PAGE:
Nationals General Manager Mike Rizzo’s strategy should become clear soon. (Jonathan Newton/The Washington Post)

Mike Rizzo has spent time in Palm Springs, Calif., on business before. It is home to one of the Lerner family’s palatial houses, the site of the Nationals’ first clandestine meeting with Jayson Werth, a courtship that ultimately resulted in Werth’s seven-year, $126 million contract in December 2010.

Rizzo’s time this week in Palm Springs figures to be less significant. Not far down the street from the Lerners’ home, the Hyatt Grand Champions Resort will host baseball’s annual general manager meetings. GMs and other executives, including Rizzo, began filtering in last night, and the meetings begin in full today.

The three-day conference brings less action than the bustling winter meetings, which take place in Nashville starting Dec. 3. More laid-back and relaxing, the GM meetings are where GMs lay groundwork for the rest of the winter: dabbling in trade talks, meeting with player agents, getting a feel for the offseason climate.

The Nationals have yet to spring into any action this winter, in part because they still must reach a resolution to sign Davey Johnson to a managerial contract for 2013. It would be beneficial to clear that hurdle before they get serious about their roster maneuvering.

Free agents have been cleared to talk with all 30 teams for four days now. As a general rule, the longer free agents remain on the market, the less likely it becomes they will sign with their own teams. And so the Nationals may have to act quickly on two sought-after players.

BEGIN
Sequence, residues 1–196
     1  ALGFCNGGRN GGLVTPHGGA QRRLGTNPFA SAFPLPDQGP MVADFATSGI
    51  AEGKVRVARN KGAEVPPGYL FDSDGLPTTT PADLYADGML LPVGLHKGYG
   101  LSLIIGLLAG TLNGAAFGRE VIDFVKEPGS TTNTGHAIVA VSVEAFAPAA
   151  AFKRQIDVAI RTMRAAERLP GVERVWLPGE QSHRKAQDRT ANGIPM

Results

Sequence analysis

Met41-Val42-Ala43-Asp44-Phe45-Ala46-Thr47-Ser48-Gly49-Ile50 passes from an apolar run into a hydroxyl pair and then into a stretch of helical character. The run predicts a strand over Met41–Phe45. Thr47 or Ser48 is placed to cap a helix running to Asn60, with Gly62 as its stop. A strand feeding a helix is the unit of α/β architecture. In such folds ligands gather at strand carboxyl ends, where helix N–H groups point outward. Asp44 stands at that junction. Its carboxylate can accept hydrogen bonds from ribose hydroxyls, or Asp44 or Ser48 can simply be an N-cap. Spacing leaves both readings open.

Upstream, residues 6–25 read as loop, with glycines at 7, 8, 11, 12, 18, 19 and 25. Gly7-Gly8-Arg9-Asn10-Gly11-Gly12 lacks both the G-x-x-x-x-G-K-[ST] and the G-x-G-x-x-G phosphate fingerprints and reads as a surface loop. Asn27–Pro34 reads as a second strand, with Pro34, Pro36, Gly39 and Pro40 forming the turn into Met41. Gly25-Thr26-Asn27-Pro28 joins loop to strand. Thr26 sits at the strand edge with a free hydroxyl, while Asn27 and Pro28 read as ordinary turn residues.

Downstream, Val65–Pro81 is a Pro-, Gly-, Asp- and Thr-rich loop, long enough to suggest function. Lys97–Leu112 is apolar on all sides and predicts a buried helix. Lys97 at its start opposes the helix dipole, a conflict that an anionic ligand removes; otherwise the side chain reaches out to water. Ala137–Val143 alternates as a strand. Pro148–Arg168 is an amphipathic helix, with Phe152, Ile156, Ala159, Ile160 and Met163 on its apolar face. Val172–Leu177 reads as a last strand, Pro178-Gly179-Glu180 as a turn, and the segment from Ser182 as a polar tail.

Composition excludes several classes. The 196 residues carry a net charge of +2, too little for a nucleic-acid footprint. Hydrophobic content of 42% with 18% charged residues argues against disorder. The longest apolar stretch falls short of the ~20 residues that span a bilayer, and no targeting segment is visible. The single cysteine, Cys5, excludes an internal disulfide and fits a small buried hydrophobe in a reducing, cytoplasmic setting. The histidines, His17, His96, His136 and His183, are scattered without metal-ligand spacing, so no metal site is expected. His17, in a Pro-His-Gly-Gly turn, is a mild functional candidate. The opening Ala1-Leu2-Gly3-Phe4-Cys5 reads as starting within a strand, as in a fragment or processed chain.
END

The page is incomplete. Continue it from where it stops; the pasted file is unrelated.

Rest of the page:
They have interest in re-signing Adam LaRoche and Sean Burnett, two players who are surely receiving ample attention. After he hit 33 homers, drove in 100 runs and won a Gold Glove, LaRoche is clearly the top first baseman available. Left-handed relievers who can set up and pitch to lefties and right-handed batters are hard to come by, and Burnett’s market already appears to be robust, with potential contenders like the Cardinals and Dodgers in need of players just like him.

The Nationals signaled their intent to let starter Edwin Jackson find the eighth team of his career when they did not give him a qualifying offer. The move also gave them an urgent priority: Find a fifth starter, either via trade or free agency. The Nationals could use a veteran to go with their imposing, young foursome of Stephen Strasburg, Gio Gonzalez, Jordan Zimmermann and Ross Detwiler.

Over the next three days, Rizzo’s outlook for the offseason will start to take a clearer shape. Check back for frequent updates, and keep in mind they may be coming late in the day and into the night because of the West Coast schedule.